Raya Pro 4
I have been using the Raya Pro 4 toolbar to speed up my edits for a while now, so I thought I will create few guides for it. I shared one a few days ago on how to sharpen your photos with it for web and today I will show you how quickly blend two exposures. This is a quicker way of doing the same as I explain in my Luminosity masking tutorials, so if you don’t have Raya Pro 4, you can check out those here.
For more on Raya Pro 4, you can check out the official site here.
Simply blend two exposures with the help of Raya Pro 4
The whole process is very simple. First, you need two exposures you want to work with. To make the blend more realistic, they should be no more than 1-2 EV steps between them. If you have more, the transition after the blend won’t look natural (there are ways to fix that, but that’s for another guide).
These are the two exposures I will use here. One as a base and the second, darker one, from which I want to recover the bright areas.
Open both exposures in Photoshop as layers in the same file, – There are multiple ways you can do this, and you can find some of them here.
Put the darker exposure on top and hide it. – Since we need to create out a selection from the brighter exposure, we need to have only that one visible. So click on the eye icon next to the darker one and hide it.
Open the RP4 Instamask 3 panel (from the menu Window/Extensions/RP4 Instamask 3). – We will work with this panel, but only with few buttons of it.
Select the bright areas of the base photo. – Now we have to create our selection. Look at the 6 number next to B in the panel. Clicking on any of them will create a mask. 1 is the broadest selection of bright areas, 6 is the most restrictive. So just click on 1, see if it matches the areas you want to replace. If not, click on 2 and so on. In our example, the 2 matches the base photo the best.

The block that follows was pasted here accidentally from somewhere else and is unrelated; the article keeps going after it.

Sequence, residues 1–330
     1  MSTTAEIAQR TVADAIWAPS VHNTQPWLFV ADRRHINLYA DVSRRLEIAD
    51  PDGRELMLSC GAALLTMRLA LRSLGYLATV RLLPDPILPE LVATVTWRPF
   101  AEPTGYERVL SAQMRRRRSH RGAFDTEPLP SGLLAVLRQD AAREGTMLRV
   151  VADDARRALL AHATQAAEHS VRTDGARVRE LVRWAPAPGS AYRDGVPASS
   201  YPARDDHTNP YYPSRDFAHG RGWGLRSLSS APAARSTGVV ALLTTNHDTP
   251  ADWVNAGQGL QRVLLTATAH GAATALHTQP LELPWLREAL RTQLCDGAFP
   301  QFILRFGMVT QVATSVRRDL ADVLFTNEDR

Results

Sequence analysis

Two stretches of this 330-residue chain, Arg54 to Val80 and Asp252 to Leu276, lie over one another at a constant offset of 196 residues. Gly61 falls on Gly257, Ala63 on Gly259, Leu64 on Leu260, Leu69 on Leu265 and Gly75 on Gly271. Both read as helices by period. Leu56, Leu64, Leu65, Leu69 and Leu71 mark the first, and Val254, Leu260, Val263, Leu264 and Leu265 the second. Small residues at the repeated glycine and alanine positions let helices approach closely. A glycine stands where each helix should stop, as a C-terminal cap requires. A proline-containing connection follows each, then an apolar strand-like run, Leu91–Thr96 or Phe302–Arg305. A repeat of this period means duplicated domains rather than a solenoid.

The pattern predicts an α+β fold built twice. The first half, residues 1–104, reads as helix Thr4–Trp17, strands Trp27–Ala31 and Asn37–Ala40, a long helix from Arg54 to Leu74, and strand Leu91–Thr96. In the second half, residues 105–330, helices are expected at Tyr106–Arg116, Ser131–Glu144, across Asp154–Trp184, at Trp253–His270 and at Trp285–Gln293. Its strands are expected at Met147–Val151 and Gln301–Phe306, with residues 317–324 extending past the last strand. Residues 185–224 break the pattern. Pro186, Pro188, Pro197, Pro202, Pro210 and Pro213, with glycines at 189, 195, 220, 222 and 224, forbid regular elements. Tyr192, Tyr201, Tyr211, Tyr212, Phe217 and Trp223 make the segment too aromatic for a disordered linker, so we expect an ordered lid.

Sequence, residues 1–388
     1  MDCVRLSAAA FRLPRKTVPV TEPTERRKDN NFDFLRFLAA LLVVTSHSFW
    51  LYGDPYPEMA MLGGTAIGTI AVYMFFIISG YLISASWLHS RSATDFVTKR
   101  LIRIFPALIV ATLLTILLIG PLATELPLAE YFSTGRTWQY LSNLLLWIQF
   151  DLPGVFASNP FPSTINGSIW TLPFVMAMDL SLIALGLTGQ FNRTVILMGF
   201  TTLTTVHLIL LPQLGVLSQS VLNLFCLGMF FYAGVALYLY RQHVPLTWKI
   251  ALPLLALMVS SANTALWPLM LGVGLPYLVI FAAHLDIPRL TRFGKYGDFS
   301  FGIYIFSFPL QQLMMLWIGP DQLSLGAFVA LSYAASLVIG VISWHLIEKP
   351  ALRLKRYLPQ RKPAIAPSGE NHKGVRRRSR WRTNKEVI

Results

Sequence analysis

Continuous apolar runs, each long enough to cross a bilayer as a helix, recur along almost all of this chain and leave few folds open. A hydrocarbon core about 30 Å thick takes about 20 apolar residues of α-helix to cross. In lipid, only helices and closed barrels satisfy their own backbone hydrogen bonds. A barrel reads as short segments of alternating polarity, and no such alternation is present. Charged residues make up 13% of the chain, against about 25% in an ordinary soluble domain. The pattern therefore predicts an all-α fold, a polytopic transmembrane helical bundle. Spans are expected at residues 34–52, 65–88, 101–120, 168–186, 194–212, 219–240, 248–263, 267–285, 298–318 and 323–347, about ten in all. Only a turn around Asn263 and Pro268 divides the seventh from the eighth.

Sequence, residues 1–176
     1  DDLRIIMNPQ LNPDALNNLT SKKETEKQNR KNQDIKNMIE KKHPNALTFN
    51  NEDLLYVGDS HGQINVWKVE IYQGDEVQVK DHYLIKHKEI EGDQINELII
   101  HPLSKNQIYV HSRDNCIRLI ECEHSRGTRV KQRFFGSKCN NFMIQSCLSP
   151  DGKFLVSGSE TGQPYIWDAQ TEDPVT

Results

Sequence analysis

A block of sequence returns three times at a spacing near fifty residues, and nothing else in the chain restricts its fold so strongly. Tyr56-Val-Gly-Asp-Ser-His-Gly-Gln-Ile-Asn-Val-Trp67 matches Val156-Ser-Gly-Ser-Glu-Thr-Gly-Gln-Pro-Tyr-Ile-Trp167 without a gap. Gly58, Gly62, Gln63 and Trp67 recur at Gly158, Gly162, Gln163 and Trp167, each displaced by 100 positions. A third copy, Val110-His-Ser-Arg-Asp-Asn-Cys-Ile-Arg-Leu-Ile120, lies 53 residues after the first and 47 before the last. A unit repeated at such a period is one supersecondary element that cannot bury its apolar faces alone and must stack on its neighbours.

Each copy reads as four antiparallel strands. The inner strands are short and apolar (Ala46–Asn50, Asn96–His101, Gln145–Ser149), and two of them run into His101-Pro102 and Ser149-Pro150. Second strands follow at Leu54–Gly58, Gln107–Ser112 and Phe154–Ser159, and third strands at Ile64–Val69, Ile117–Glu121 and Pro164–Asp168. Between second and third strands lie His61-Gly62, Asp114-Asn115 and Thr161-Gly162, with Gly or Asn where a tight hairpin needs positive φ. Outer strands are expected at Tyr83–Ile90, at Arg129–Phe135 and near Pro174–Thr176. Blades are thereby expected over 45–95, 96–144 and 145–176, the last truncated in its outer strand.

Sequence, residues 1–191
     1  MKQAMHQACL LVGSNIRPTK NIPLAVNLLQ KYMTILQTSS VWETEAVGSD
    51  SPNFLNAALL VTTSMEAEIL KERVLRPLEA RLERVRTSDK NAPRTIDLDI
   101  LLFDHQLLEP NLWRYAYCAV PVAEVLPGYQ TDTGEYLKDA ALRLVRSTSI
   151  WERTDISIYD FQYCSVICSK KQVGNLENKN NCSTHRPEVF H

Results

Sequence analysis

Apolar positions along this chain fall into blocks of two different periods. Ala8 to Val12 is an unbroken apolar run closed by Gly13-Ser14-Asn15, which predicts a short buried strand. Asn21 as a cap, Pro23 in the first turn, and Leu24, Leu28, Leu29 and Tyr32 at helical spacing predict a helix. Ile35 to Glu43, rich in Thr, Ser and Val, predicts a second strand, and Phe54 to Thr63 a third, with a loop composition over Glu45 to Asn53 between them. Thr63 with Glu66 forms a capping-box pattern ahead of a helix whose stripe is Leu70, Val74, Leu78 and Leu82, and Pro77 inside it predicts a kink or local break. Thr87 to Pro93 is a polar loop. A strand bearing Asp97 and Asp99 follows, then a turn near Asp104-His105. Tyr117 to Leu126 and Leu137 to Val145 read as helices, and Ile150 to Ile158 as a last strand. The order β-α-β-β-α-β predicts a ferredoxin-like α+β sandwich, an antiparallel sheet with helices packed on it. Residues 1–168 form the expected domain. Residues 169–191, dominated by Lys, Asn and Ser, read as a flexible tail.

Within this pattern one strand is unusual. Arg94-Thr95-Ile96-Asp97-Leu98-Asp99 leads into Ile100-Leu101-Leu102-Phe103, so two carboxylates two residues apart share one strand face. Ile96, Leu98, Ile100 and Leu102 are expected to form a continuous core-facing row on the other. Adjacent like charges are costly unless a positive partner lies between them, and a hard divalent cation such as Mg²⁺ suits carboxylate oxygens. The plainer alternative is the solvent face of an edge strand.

Apply the mask. – You will see a new group with a layer in the layers window but ignore that. Instead, now just select the hidden darker layer and in the RP4 Instamask 3 panel just click on apply. This will add the mask to that layer and those extra ones will disappear.
Unhide the layer. – Now just unhide the darker layer and you are done.
What we actually did here, is to select all the brightest areas base on the bottom layer and then replaced them all from the top layer. One can go also the other way, have the darker image on the bottom, select the dark areas and then apply that selection to the bright ones.
One can use this also for more than 2 exposures, just hide all except the base one, follow this step to combine it with one. Once that is done, combine it again with another one. Since now already 2 layers are visible, your selection will be based on their combination.
If the blended areas look great, that means the difference between the photos was too big. You can try changing the opacity of the top layer, to make the transition softer. Editing the photos, so they are closer in appearance is another option. If you are working with RAW files, you can just jump in Camera RAW by double-clicking the layer and tweak them there.